Does it matter that the Green Party just got gifted a Seanad seat?

On Tuesday Senator Pippa Hackett signed the Roll of Members of Seanad Éireann and took her seat as a member of the 25th Seanad, following the election of Grace O’Sullivan as an MEP. We look at whether it matters that Fianna Fáil and Fine Gael stood aside to let the Green Party have the seat.

What are we angry about this week?

The Green Party just got gifted a Seanad seat by Fianna Fáil and Fine Gael.

Oh, did I miss out on the chance to vote?

Not exactly. 

The Seanad is made up of different panels and only the university constituency is directly elected. But you can only vote on it if you’re a graduate of the National University of Ireland (3 seats) or of Trinity (3 seats). Another 43 are voted on by TDS, the outgoing Seanad and city and county councillors across a number of panels. And then the Taoiseach gets to choose 11.

So unless you were on the Agricultural Panel you wouldn’t have had a chance to vote for Grace O’Sullivan’s replacement.

Right, so why should I care about what happens in the Seanad?

Well, the US State Department, the US Embassy in Dublin, and the Israeli Embassy in Dublin all figured that the Seanad mattered – they all lobbied Fianna Fáil to get it to withdraw support from Francis Black’s Occupied Territories Bill.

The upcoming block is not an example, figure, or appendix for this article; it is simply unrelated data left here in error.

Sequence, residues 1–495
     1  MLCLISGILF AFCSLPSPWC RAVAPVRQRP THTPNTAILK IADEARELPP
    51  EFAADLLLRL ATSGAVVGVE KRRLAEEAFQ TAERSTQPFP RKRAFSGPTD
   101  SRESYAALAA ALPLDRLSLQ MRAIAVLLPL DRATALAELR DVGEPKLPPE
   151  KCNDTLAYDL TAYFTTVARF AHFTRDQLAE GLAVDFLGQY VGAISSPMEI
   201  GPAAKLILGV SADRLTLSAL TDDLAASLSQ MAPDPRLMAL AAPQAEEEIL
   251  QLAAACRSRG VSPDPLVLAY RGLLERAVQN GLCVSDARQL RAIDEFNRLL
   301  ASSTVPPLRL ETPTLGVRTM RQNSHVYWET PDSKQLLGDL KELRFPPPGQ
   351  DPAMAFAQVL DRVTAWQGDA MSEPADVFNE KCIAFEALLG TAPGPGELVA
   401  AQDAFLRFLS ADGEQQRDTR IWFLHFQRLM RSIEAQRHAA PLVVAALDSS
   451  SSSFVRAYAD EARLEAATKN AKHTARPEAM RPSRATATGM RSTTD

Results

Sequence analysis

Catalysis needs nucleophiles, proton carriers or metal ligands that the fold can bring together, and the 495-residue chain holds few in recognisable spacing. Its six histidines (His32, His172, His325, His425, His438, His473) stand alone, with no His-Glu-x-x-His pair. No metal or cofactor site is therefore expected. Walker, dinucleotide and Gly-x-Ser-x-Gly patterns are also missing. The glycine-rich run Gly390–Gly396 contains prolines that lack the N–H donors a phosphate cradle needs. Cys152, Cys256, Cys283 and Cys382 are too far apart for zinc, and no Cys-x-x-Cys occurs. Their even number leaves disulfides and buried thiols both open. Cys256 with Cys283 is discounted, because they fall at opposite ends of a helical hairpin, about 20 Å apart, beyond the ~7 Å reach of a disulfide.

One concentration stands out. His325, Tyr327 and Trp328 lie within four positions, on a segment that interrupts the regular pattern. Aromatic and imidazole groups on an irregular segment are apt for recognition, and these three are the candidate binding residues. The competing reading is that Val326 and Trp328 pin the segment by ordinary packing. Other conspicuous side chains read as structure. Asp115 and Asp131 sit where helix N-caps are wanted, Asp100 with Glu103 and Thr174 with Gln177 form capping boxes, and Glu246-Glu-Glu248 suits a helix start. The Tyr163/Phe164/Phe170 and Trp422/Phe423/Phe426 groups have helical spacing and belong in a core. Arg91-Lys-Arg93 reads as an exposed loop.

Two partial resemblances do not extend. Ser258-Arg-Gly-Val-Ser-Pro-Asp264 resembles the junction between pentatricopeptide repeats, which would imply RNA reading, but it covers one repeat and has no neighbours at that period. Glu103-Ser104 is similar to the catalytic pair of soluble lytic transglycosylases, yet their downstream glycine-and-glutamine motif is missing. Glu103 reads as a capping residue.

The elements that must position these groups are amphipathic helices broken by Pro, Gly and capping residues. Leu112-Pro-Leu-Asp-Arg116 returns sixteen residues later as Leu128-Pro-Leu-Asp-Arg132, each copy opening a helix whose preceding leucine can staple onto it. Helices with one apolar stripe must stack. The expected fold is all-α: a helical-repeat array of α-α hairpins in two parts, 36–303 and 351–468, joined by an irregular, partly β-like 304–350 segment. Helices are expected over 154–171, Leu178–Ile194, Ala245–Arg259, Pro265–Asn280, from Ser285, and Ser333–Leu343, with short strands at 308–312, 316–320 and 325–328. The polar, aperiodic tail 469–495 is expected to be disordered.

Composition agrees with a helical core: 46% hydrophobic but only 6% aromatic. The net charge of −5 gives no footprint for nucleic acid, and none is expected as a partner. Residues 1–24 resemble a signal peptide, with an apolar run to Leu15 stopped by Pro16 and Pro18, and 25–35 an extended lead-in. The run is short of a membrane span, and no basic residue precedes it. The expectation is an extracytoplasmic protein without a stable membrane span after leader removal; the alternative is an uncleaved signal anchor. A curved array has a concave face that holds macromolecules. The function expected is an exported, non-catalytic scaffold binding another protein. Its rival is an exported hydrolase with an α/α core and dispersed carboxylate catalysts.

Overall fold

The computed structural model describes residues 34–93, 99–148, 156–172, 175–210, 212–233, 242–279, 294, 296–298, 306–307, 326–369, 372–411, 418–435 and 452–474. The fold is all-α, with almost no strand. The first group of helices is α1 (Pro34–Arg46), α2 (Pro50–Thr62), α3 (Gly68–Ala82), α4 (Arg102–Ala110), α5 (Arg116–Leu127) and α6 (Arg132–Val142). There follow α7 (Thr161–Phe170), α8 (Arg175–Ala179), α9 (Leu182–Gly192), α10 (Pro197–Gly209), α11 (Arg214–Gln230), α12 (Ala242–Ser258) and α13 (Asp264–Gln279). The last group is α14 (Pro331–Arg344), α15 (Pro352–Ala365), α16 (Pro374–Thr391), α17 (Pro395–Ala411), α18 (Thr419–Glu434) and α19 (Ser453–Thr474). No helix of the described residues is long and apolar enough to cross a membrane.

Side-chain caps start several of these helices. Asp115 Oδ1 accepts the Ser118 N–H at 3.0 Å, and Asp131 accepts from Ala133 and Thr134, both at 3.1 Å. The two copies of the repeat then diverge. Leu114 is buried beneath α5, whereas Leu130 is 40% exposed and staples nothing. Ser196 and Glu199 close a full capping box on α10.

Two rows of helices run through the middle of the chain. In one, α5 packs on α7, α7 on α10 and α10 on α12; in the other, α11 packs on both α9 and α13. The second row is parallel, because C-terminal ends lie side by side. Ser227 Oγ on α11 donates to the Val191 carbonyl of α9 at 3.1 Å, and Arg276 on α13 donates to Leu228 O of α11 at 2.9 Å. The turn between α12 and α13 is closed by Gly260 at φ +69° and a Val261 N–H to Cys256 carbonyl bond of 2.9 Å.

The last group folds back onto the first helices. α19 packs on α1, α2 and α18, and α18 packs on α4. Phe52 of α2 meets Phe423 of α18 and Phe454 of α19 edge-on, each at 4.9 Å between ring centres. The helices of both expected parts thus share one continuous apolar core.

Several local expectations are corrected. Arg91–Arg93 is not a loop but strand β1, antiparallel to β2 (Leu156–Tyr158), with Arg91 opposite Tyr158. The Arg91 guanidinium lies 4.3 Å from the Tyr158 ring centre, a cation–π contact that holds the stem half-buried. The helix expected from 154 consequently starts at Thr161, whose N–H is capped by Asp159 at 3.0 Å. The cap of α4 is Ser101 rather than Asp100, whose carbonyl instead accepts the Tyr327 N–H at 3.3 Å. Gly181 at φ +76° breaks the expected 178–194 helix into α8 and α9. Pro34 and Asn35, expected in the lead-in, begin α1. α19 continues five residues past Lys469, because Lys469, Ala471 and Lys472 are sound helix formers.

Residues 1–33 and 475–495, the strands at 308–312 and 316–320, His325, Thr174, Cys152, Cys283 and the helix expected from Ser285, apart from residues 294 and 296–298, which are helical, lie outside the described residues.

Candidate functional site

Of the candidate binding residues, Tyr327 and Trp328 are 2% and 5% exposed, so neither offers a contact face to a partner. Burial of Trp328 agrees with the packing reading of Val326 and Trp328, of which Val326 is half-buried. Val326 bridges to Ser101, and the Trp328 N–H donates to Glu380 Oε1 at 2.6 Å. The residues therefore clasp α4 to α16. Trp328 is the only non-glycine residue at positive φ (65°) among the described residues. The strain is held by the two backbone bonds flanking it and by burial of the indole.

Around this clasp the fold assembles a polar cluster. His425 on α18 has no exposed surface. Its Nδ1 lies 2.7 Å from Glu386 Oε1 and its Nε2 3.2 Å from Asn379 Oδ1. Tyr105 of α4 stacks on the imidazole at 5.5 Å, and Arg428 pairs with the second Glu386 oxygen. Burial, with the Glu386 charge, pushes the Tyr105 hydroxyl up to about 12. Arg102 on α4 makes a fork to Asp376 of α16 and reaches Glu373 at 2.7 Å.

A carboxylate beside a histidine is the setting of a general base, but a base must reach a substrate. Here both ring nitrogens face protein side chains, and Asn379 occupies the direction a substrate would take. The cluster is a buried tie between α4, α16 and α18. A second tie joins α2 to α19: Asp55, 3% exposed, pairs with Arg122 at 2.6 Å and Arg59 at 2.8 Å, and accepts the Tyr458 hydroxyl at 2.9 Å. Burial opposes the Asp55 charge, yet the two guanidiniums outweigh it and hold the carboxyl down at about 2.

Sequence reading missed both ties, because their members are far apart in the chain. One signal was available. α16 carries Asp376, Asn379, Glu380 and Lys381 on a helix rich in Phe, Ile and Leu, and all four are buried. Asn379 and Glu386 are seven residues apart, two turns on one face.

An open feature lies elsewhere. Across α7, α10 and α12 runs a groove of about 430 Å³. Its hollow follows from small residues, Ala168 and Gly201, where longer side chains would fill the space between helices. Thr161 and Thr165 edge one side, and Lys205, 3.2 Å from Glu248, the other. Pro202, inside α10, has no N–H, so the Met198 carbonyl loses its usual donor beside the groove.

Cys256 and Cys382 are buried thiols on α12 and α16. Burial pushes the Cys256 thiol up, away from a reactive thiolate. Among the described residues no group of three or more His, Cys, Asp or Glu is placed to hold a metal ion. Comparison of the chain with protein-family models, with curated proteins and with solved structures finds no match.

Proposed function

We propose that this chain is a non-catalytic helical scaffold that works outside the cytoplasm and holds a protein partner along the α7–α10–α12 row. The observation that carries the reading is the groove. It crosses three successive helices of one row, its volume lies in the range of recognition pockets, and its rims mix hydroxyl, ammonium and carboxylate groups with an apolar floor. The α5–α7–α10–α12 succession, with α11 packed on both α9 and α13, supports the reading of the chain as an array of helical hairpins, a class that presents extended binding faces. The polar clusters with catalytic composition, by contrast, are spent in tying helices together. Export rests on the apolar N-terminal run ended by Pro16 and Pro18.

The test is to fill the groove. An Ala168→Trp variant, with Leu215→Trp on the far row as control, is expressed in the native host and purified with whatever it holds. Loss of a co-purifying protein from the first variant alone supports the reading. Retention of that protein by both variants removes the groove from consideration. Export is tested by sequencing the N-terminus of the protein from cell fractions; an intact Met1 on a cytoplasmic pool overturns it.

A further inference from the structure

Ok, fine. So what went exactly happened?

After the European elections four TDs became MEPs, meaning there will be by elections for their seats in Cork North Central, Dublin Mid West, Fingal and Wexford. Senator Grace O’Sullivan was also elected as an MEP but there was no by election to the Seanad because all the other parties stood aside to let the Green Party keep the seat.

How do you know that? Maybe they just couldn’t be bothered running a campaign for the Seanad?

Because that’s exactly what Fiann Fáil said when they decided not to run anyone against the Green Party. The Sunday Times reported in September that “Fianna Fáil and Fine Gael both hope to be in a position to negotiate the formation of a government with the Green Party.”

The paper reported a Fianna Fáil source as saying that “We recognise it’s a Green Party vacancy and it should be filled by a Green Party candidate. […] Grace O’Sullivan was always a constructive senator and the next person will be a Green senator as well.”

Such great praise from their old coalition partners and this all happening in the same week as the O’Devaney Gardens vote?


Not a good look for the Green Party.

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